Not an ideal title for an article appearing
on Fin24, but this is no rant from some socialist freak demanding higher wages
in a shrinking economy. It is more of a plea from a flat-eared ex-prop on
behalf of those that would like to see the scrum return as a fair contest.
One of my favourite moments of the first
weekend of Super Rugby was watching an early scrum in the Blues v Chiefs game.
It was perfectly set, the ball had for once been put in straight, and it was all
very even. In fact, it was a pretty sublime moment as the ball simply lay there
like a piece of tempting, yet forbidden, fruit.
Until Chiefs hooker Hika Elliot, no doubt
feeling the pressure to win the ball on their own feed, made the call to
strike! Suddenly it was 8 men vs 7 given that Elliot no longer had both feet
back, and the Chiefs scrum crumbled, with the Blues getting the golden
Fair contest? 100%. How often does it
happen? Once in a 7-game weekend!
Not only are the days of the hooker
striking on opposition ball gone, but the days of striking on your own ball are
now also seemingly numbered. With scrums being set so low, and with so much
power being generated, packs can no longer afford to have the hooker strike.
The result being that a skew feed is almost a necessity in order to win your
own scrum ball.
Scrum coaches around the world, these days
robbed of the big initial hit used to gain early scrum ascendancy, bemoaned the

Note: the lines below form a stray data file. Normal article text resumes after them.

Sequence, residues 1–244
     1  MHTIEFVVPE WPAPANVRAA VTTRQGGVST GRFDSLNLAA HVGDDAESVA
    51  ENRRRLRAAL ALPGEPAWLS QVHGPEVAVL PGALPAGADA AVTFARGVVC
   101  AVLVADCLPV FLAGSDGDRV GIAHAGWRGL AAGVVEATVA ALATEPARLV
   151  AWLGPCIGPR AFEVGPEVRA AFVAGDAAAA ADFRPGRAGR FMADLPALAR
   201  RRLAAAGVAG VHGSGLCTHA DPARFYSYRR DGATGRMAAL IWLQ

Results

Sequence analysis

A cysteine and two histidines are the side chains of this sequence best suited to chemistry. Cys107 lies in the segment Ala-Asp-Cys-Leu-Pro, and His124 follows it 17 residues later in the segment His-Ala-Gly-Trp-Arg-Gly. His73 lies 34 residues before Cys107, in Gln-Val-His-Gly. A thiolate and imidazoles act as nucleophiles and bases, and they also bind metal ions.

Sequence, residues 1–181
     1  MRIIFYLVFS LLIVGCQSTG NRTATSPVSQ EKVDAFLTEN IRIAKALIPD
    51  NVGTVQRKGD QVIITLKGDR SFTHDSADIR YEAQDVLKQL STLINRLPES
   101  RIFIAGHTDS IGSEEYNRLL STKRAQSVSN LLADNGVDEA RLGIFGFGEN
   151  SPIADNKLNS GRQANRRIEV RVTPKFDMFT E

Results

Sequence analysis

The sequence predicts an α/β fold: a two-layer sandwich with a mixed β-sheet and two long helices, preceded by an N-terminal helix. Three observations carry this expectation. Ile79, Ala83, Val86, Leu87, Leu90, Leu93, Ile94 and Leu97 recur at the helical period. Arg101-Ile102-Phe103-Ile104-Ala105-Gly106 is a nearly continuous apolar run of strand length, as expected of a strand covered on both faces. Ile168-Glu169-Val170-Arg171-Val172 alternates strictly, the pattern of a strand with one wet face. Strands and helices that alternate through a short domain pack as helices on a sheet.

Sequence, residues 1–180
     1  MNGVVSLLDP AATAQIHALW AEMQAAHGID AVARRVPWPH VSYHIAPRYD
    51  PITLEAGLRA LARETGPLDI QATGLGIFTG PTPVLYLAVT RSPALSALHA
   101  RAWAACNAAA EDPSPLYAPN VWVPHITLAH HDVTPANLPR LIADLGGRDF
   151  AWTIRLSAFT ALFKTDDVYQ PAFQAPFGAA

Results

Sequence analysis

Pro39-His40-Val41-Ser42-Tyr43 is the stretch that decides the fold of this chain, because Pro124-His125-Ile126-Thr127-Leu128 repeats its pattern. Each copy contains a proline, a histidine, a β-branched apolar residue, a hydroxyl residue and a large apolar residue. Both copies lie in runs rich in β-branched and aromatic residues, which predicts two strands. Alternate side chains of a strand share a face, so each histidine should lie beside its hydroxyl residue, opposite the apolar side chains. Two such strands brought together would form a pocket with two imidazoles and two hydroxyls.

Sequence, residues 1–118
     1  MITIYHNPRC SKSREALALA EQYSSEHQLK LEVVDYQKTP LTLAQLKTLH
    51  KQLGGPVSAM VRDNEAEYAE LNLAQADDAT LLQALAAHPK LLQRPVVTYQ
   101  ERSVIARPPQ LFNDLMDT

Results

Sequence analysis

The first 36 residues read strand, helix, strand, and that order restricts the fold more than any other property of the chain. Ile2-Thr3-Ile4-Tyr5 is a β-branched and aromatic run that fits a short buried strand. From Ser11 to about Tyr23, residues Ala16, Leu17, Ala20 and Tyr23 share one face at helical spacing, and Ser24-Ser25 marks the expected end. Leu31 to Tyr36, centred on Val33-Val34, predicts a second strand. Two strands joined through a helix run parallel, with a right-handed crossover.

strict policing of the straight scrum feed that we saw at the beginning of last
year, saying that it negated the advantage that should be afforded to the side
feeding the scrum.
Given the safety requirements, and under
pressure to rid the game of multiple scrum resets, the game’s governing body
have given in. Hence referees not policing the scrum feed like they were
implored to do last year, and hence the plethora of pesky skew scrum feeds
As a scrum coach myself, I am well aware of
the need to win one’s own ball, and can understand where these guys are coming
from. But as an observer of the game, I think we have perhaps caved in a little
early on this, and thus robbed the game of a fair contest.
Yes, the side awarded the scrum feed, much
like the team awarded the lineout feed, deserve some sort of advantage. But you
also want the side competing for the ball in these two primary phases of the
game, to have a chance of stealing it. Especially in a game dominated by such
structured and organised defences. Turnover ball gives sides a shot a less
So bring back the straight feed I say. The
side feeding the scrum can then either set a little higher so as to allow their
hooker to strike, but then be susceptible to a big 8-man shove from the
opposition. Or remain low and not go for the strike (something the Lions and
'Tahs do so well), but then be susceptible to the opposition hooker striking for
the ball if they can hold the pressure.
The key to this working though, is for
referees to allow the scrumhalf feeding the scrum to do so on their own time. Keep
the “Yes 9” safety signal, but
then do not put pressure on the scrummie to feed the ball immediately. Scrumming is about power and technique, but primarily it is about
timing. Allowing the side with the put in to control the timing of the feed
gives them a significant (and fair) advantage in that they get to time their
shove with the feed of the ball using the hooker’s tap and an internal call.
Yet the straight feed keeps it a fair
contest. Hell it would be nice to see a defending pack go for the strike rather
than the 8-man shove that we see from every scrum these days!
Tank is a former Western Province tighthead prop who now heads up Tankman Media, and sprouts forth on all things rugby on the Front Row Grunt.
Disclaimer: Sport24 encourages freedom of speech and the expression of diverse
views. The views of columnists published on Sport24 are therefore their
own and do not necessarily represent the views of Sport24.